By Dr. Daniel Oehme
Over the millennia our ability to utilise plants in many different ways has allowed us to flourish as a species. Most importantly, they turn our waste carbon dioxide into oxygen.
But we have also used plants to provide shelter, to publish and transmit information on paper and as a food source. In fact, developing new ways to utilise plants has even led to population explosions throughout time, such as when we first developed granaries to store grain thousands of years ago. In these modern times of climate change, global warming, ever-increasing populations and fossil fuels, plants have never been more important.
We need to ensure that there is enough plant biomass available to satisfy the world’s needs as well as ensuring there is enough to preserve habitats, act as a carbon sink and supply us with enough oxygen. To do this we must find ways to increase biomass yields, increase land available for plant production, reduce the risk to crop yields from pests and disease, limit wasted biomass and optimise plant properties to better suit specific applications such as increasing nutritional composition for human health.
IBM is acutely aware of the importance of plants and is developing and utilising a number of approaches in agriculture. Precision agriculture is one approach combining real-time data such as weather and soil quality with predictive analytics to allow the best decisions to be made when planting, fertilising and harvesting crops. Another approach, in collaboration with Mars, has used bioinformatics to sequence the genome of cocoa
Leveraging the technologies developed from other life sciences studies and developing specialised algorithms, IBM was able to identify genes that produced healthier and better tasting cocoa plants. Both of these approaches utilise IBM’s expertise in Big Data and Analytics.
Here in Australia I am part of a team at the IBM Research Collaboratory for Life Sciences – Melbourne working in collaboration with researchers in the ARC Centre of Excellence in Plant Cell Walls. We are using computational biology to examine the structure of the wall that surrounds all plant cells. We are investigating how the plant cell wall is produced, its structure and organisation and how it gets deconstructed.
In work just published in the journal Plant Physiology we used molecular dynamics techniques and high performance computing to model the major component of plant cell walls: cellulose. Our results strongly suggest that the fibres of cellulose are much smaller than previously believed. We are now investigating how these cellulose fibres interact with each other and other wall components to form the plant cell wall. Through these studies we intend to produce more accurate models of the plant cell wall and make predictions about how changes will affect the plant’s physical properties.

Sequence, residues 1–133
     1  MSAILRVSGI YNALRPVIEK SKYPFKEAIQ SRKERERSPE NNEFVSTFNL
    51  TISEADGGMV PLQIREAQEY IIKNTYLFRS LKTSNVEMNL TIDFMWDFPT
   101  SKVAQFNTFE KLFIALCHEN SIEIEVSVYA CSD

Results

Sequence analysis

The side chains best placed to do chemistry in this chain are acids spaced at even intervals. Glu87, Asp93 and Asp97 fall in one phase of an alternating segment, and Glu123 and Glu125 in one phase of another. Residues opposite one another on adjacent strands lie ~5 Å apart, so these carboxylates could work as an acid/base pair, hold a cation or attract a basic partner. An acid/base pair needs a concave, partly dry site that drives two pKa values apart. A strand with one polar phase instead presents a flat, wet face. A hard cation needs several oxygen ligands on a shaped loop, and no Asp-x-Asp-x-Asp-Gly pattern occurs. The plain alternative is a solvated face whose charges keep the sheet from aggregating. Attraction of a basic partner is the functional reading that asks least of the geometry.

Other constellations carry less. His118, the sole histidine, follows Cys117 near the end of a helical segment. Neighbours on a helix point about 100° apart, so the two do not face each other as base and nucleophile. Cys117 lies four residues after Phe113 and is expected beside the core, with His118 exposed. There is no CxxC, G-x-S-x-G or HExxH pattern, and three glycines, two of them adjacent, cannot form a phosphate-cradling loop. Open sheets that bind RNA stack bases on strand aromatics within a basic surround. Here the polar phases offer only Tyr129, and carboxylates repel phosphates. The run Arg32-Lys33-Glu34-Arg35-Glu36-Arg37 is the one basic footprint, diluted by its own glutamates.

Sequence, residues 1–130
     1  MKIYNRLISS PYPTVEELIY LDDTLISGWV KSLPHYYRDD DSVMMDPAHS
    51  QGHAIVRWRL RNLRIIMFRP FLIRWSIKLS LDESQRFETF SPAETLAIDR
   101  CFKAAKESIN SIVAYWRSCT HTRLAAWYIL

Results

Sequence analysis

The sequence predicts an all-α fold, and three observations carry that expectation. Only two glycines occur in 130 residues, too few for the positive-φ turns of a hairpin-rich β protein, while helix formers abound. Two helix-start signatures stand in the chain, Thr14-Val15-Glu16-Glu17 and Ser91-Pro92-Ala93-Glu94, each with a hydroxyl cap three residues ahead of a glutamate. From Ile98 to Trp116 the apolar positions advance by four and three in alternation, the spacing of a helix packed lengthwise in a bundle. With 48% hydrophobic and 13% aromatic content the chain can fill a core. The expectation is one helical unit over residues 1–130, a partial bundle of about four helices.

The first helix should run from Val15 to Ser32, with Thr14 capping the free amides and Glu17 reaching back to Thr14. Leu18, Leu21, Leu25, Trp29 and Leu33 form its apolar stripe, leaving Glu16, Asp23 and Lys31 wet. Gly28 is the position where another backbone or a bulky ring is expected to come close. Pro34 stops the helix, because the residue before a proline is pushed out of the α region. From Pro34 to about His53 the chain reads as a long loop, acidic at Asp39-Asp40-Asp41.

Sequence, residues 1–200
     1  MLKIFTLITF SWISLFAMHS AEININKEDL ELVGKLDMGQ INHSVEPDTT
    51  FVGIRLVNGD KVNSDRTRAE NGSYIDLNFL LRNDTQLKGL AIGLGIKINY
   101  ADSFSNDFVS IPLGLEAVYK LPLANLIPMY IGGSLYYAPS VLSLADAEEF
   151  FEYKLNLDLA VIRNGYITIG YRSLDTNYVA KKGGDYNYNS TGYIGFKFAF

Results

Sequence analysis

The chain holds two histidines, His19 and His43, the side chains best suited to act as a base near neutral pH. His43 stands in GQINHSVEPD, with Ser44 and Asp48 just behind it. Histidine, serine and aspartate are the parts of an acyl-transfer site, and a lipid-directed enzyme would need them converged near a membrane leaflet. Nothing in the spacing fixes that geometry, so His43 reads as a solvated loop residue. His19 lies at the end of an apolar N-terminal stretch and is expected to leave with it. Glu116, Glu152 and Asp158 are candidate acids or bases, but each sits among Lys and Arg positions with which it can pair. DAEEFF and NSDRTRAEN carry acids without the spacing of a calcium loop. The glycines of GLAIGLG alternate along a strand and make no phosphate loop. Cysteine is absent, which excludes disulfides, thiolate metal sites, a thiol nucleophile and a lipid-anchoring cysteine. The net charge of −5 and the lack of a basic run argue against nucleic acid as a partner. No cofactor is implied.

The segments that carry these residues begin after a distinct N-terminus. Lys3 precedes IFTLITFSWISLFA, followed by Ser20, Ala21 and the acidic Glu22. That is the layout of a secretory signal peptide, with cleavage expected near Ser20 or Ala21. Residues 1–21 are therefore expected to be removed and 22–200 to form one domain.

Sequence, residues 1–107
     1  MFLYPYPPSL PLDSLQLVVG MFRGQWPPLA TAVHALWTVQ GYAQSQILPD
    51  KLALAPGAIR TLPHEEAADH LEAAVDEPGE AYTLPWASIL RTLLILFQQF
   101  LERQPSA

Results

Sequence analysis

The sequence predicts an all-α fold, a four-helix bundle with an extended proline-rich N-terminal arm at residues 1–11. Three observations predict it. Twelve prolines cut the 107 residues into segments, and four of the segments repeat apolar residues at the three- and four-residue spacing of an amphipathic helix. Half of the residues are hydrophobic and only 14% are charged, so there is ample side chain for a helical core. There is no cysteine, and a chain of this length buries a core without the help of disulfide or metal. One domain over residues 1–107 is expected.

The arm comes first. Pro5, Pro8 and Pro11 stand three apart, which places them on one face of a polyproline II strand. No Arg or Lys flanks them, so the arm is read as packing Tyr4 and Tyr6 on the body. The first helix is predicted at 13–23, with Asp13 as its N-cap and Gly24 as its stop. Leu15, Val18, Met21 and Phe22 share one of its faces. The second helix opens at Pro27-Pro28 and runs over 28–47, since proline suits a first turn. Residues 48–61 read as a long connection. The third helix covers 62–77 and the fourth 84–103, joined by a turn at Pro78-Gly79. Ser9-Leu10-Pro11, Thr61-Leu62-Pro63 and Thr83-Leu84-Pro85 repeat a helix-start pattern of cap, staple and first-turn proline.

The possible application areas are vast. In the area of food security, we could optimise the properties of plant cell walls to make plants that are more drought/salt tolerant or more resistant to disease pathogens. In the area of human health, we hope to increase the nutritional composition of plant cell walls. In the paper and textiles industry, we could increase the physical strength of the plant cell wall making plants better for pulping or fibre production. In the area of biofuels, our studies should help to limit the effect of recalcitrance leading to more efficient ethanol extraction.
Supercomputers, such as the IBM Blue Gene/Q that we used at the University of Melbourne’s Victorian Life Sciences Computation Initiative (VLSCI), are essential in these type of projects where we examine the dynamics of biological systems at the nanoscale. Such work requires simulation of the motion of each atom and to do this we must calculate how all these atoms interact.
This must be done for many millions of time steps – a process that would take years on a standard desktop computer but days on a supercomputer. Supercomputing accelerates science and that is what the University of Melbourne and IBM Research set out to do with the formation of the VLSCI and the Collaboratory. Our work with the ARC Centre of Excellence in Plant Cell Walls is an excellent example of the success of these two organisations and the importance of plant research to the world.
Over the past few decades the major focus of life sciences research has been on animals and humans. In many ways, today we are at a similar position with plant research. We predict this research to grow dramatically in the coming years and it’s exciting to be at the forefront of the field.